Based in Oldenburg, in the north-western state of Lower Saxony, EWE is one of the largest integrated utility companies in Germany. It supplies electricity to around 1.4 million customers and natural gas to 800,000. It also provides around 700,000 customers with telecommunications services.

To achieve this, EWE operates over 190,000 kilometres of electricity grid, natural gas grid and telecoms networks. It has plans to invest more than €1 billion in fibre optic roll-out in partnership with Deutsche Telekom over the next few years.

“EWE is a very good example of a utility whose strategic ambition is to be at the forefront of the energy transition in Germany,” says Ardian’s Pauline Thomson. “It is also a good example of a traditional infrastructure company transforming itself in order to be more in tune with what users are expecting. Users are now demanding much more green energy; they are demanding more energy efficiency and they are demanding new services. A forward-thinking approach to digitisation is critical to getting these things right.

“EWE already has a large portfolio of renewable assets and further plans to expand with additional capacities, but it is also investing in lots of other projects such as charging stations for electric vehicles, energy storage and hydrogen supply for the industry and the transport sector. The company is also very focused on the responsible use of data to offer the best possible service to users, helping them with their energy efficiency,” she says.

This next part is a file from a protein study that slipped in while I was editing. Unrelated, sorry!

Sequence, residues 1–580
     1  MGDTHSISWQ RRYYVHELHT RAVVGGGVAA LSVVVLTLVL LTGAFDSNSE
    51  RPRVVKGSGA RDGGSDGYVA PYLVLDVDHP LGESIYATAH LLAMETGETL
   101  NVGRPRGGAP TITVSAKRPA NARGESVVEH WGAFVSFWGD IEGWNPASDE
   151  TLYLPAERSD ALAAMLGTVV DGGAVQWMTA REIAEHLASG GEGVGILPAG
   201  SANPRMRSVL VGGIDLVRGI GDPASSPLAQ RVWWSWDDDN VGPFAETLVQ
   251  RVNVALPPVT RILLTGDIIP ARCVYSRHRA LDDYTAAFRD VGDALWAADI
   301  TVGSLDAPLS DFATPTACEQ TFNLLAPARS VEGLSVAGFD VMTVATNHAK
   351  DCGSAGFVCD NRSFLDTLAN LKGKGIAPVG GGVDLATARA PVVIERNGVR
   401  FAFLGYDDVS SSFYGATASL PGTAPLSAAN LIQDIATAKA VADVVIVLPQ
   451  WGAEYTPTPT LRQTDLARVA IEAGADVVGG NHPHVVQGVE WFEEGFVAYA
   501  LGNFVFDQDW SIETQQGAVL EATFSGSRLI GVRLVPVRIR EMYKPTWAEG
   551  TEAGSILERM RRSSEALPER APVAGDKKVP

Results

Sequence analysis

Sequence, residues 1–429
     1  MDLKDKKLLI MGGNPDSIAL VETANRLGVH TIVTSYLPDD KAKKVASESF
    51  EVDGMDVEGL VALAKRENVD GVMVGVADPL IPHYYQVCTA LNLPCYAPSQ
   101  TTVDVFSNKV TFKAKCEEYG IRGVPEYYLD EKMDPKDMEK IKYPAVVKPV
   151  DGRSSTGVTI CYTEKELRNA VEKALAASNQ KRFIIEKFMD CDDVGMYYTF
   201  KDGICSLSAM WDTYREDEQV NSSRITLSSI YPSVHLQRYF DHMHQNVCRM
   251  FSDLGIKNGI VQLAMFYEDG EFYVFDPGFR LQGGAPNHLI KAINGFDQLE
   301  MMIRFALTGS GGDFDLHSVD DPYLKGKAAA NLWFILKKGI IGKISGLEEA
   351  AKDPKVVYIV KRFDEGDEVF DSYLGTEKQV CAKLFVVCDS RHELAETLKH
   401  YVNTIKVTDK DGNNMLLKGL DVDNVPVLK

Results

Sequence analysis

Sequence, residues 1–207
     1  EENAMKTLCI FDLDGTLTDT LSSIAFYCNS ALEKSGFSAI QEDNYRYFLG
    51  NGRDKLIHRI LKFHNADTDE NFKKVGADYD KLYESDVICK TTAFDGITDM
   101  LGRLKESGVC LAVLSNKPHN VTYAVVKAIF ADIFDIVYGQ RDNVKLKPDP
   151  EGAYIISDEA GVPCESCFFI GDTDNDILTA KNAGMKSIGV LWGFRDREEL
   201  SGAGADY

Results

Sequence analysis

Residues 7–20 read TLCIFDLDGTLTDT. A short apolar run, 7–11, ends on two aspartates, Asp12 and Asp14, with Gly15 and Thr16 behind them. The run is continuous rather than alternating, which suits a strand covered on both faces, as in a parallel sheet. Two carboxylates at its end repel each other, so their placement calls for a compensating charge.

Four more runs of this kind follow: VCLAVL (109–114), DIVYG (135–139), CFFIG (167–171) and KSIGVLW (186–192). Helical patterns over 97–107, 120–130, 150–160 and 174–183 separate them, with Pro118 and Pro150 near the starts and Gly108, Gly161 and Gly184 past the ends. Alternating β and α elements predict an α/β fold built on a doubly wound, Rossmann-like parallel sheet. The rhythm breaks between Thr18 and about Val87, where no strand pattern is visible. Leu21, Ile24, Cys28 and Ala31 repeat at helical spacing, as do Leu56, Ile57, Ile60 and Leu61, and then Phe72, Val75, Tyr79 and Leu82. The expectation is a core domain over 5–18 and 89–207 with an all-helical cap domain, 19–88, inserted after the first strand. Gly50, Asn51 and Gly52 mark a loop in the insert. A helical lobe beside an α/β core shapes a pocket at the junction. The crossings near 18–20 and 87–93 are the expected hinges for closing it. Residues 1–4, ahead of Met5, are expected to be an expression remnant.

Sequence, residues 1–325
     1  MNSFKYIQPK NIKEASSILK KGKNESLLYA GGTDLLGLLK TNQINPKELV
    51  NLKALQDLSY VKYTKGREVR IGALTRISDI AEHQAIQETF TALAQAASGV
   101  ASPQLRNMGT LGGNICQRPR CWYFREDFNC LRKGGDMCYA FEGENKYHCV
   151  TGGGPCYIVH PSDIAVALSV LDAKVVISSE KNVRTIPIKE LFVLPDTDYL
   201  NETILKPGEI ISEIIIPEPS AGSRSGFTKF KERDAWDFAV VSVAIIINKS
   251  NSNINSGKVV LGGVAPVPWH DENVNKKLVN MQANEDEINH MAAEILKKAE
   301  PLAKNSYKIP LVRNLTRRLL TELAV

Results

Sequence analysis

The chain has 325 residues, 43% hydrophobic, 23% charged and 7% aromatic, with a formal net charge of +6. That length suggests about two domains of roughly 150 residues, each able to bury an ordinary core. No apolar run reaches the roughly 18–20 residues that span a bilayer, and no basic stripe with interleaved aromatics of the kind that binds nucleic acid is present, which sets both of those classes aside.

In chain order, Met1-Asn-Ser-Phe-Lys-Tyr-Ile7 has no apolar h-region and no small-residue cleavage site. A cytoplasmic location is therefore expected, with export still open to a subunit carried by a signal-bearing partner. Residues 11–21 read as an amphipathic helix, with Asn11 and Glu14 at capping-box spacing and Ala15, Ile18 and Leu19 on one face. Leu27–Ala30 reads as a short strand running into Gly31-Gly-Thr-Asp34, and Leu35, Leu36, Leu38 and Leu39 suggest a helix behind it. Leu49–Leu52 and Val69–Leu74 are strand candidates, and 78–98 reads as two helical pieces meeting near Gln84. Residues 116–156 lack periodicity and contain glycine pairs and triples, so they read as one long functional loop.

“EWE also has a project around a very interesting business model – what we call virtual power plants, where it is sharing the benefits of its software platform with a large number of energy providers and consumers, allowing them to collate that data and connect to services. By using technology as a behind-the-grid service tool, it can forecast supply and demand and be more responsive. These are the types of new business models we are seeing emerge that are very interesting for a lot of market participants.”